Monday, February 20, 2012



Racial Justice

Martin Luther King Jr.
Maicolm X

By Sabamya Jaugu
Sunday Feb 19th, 2012 1:35 PM
African History Month will counter Euro-centrism with historical truth. As well, it is important to embrace our culture and take ownership of our ethnicity.
Every February Black History Month is celebrated because of one man. In 1926, Dr. Carter Woodson created "Negro History Week" and in 1976 in it became Black History Month. The world in general and African people, in particular, owe him a debt of gratitude.

Unfortunately, during his time period, our minds were poisoned against Africa.

This is best exemplified by the following quote.

"Number one, first you have to realize that up until 1959 Africa was dominated by colonial powers. And by the colonial powers of Europe having complete control over Africa, they projected the image of Africa negatively. they projected Africa always in a negative light; jungles, savages, cannibals,. Nothing civilized.

Naturally it became negative to you and me and you and I began to hate it. We did not want anyone to tell us anything about Africa much less call us an African. And in hating Africa, and in hating the African we ended up hating ourselves, without even realizing it, because you cannot hate the roots of the tree and not hate the tree."
Malcom X.

Sub consciously we live a legacy of both slavery and colonialism. Furthermore, this celebration has become commercialized by corporations. Its Focus is mostly on becoming the first to break a racial barrier. Of course, we give homage when it's due, unfortunately the historical narrative is lost. Therefore, it's essential to learn history from an African perspective.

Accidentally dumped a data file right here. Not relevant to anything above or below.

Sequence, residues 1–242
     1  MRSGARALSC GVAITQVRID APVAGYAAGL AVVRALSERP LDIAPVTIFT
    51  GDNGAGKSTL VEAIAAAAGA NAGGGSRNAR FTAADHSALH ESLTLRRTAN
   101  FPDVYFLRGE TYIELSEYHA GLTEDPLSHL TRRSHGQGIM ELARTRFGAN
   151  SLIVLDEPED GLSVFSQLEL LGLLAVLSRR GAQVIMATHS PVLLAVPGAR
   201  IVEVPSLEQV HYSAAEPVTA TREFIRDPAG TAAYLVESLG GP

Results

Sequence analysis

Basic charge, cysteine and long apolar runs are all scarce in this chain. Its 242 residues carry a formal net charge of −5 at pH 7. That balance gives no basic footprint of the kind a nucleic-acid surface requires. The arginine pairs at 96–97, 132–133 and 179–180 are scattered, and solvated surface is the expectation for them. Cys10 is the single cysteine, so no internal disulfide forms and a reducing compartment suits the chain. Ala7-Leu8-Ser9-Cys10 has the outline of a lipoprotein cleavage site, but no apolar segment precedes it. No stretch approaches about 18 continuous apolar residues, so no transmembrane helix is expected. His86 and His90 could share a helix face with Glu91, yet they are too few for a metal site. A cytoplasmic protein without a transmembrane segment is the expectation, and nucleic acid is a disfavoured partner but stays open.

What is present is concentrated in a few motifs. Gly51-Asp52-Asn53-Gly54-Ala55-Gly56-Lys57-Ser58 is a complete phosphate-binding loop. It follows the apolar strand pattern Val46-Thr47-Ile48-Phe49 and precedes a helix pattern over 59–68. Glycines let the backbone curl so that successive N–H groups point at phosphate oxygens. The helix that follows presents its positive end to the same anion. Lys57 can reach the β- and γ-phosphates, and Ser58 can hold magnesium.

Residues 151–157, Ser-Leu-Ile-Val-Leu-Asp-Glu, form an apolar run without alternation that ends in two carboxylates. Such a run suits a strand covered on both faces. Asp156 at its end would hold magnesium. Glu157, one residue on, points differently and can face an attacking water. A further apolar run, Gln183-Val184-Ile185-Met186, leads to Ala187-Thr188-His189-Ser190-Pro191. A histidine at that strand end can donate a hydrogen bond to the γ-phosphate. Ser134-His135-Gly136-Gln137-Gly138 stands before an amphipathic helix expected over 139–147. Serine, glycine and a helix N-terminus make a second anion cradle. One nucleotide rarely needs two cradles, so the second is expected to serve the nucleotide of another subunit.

Just as Negro History Week grew into Black History month to address the changes in society. In the same spirit, we must continue Dr Carter's creation by extenuating it into an African History Month. The extenuation would include history of the one hundred and fifty million Africans in Latin America together with the fifty million in the Caribbean and more importantly the history of the motherland.

Not only will we build on Dr Carter's great legacy but by adding the motherland's culture and other history that have been neglected. Such as Africans in Latin America, where ninety percent of the slaves were sent, mostly in Brazil. The extenuation would encapsulate history from the dawn of time to the present.

Most notably, because of slavery and colonialism, the culture has been changed in the Americas and altered in Africa. This constitutes an urgent necessity for its people to learn their history from their own perspective. Moreover, modern history is a reflection of the European conquest, according to their interpretations. Learning history is more important than ever, because of the diversity, in Africa and Africans scattered around the world.

In our contemporary world, we have accepted foreign cultures, different ideologies and new identities. The whole dynamics of Africans, its people and the victims of the Diaspora has dramatically changed. A new geography has been created at the birth of the Americas, and over fifty countries in Africa. With the comprehension of African history, Euro-centrism has to be understood. Therefore, its sufficed to say. An African History Month would be appropriate. It is fundamental that we recall our past, in order to negotiate the future.

Euro-centrism really began in 1493, because the Christopher Columbus second voyage was a large-scale colonization project. So, this is the precursor of the European conquest that began with domination of what they called "The New World". Moreover, the conquest of the indigenous inhabitants would provide gold and other wealth to Europeans. Encourage by their successes, they embraced Euro centrism, using the gun to conquer and the bible to deceive.

Colonialism proved even more successful in later centuries, eventually reaching the level where Europeans could conquer and rule not only in Americas but also Africa. During this process, they realize that forcing their culture on their victims was more potent than their guns.

They renamed rivers, cities, lakes, created countries, named continents and forced their culture on all of their victims. And European endeavors in all of these continents continued to be hugely profitable. So Euro-centrism beliefs seemed to be continually confirmed as both true and useful, and they gradually evolved into the Euro-centrism world-model of modern times.

Euro-centrism's views of Africa were most famously expressed by Scottish philosopher David Hume: